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Joe.

28DL Regular User
Regular User
#11
After the Sinterworks our energy levels were starting to crash, I'd driven though the night to get to Redcar and having got up at 5am the previous day for work the tiredness was starting to catch up with me. I'd had an hour or so of sleep in the car but this was starting to make itself felt. I think Dave was in a pretty similar state.

Lack of sleep was not the only concern we found ourselves a bit short on stuff to eat! Half a double decker and a packet of Frazzels hadn’t gone far and we had left the Tunnocks tea cakes in the car!

Despite this we were keen to push on towards the Redcar Cokeworks, this area of the site had been very active on our first visit but seemed a little quieter and we were keen to try and get into that part of the site.

We spent a bit of time messing about trying to find an easy link that would connect us to the raw coal feed to the Cokeworks. In the process we stumbled upon this Bunker area:

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It had this nicely dated control room:


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As it turned out it also had a Kitchen... Ideal place to stop to clean up and take a lunch break!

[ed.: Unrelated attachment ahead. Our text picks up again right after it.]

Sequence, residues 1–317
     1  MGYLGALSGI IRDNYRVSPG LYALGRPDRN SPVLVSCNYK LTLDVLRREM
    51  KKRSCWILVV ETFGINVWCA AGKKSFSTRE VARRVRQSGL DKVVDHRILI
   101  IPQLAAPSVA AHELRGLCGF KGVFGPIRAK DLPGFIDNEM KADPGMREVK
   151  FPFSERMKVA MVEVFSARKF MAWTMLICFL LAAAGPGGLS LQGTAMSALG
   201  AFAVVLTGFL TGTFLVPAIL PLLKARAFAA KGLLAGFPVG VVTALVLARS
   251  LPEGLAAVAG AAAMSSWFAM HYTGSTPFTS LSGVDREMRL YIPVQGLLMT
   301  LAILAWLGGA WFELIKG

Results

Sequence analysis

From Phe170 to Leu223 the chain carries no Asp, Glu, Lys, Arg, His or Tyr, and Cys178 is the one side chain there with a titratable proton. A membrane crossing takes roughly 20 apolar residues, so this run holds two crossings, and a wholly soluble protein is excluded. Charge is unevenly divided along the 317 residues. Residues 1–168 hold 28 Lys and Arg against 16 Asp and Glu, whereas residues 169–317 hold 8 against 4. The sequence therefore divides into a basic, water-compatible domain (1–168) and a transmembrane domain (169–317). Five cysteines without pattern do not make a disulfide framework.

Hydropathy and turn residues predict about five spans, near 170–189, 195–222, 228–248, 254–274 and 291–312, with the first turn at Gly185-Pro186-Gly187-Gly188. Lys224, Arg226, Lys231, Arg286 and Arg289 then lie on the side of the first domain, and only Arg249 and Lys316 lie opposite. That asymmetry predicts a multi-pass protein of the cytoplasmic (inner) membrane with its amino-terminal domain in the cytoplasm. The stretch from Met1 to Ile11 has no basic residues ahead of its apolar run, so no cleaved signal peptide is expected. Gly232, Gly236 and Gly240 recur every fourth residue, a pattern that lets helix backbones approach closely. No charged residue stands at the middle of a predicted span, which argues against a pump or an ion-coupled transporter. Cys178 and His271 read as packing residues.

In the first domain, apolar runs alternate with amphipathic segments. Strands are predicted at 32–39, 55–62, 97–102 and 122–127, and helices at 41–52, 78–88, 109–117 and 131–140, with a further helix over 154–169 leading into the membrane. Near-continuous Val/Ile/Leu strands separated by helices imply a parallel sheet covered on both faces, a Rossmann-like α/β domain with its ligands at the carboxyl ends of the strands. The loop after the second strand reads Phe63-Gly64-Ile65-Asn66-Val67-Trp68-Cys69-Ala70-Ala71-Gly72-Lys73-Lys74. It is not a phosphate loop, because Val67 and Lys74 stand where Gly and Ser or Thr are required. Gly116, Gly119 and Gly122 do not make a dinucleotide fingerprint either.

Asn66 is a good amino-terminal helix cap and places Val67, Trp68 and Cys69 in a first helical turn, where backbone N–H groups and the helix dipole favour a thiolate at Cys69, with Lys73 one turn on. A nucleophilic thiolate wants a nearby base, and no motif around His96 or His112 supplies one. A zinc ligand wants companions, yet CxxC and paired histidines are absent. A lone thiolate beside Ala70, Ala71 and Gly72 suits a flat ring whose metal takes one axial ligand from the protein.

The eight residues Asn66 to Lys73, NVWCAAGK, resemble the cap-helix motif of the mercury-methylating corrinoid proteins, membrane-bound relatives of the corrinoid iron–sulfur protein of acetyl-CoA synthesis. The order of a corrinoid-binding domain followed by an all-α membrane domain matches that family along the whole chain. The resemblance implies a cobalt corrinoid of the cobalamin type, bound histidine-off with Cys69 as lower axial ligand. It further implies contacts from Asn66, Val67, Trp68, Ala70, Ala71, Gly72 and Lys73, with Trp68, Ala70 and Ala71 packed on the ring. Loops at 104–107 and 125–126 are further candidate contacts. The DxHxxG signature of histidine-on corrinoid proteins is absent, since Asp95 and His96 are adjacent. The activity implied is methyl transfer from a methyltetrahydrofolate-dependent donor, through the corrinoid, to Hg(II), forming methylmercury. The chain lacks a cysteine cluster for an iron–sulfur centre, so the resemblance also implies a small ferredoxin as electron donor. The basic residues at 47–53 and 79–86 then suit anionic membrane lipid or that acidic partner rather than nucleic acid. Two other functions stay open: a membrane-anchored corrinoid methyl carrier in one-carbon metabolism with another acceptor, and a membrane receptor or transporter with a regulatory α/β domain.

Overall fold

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The cutlery wasnt even made from British steel....

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I'll finish this post with a shot taken looking back at the Blast Furnace, Because Blast furnace.


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Next post will be the final instrallment....!​
 

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Dave W

Industrial Pornographer
Regular User
#13
The new PCI Plant, all £37 million of it. SSI pinned a lot of hopes on it - Pulverised Coal Injection was installed to replace the original heavy oil firing (the tanks for which you probably walked past on the way in)
PCI meant that they would need less coke so could stop imports and produce all they required from the two on-site coke-works. It also meant that they could use British Coal instead of australian/north american imports.
PCI is seen as an environmental benefit too as well as significantly increasing BF output but for SSI it was plagued with problems - the contractor even went bust during the building of it.

Like the Furnace Re-Line which was brought forward from 2017 and instead carried out before the re-start at an additional cost of £130m it was an extravagance that made sense to the long term viability of the site but severely overstretched SSI's debt position. The sad thing is that they did overcome all the odds and were producing more iron than British Steel managed on a good day when the furnace was only a couple of years old, add to that the fact they were producing it cheaper than any other producer in the western hemisphere!.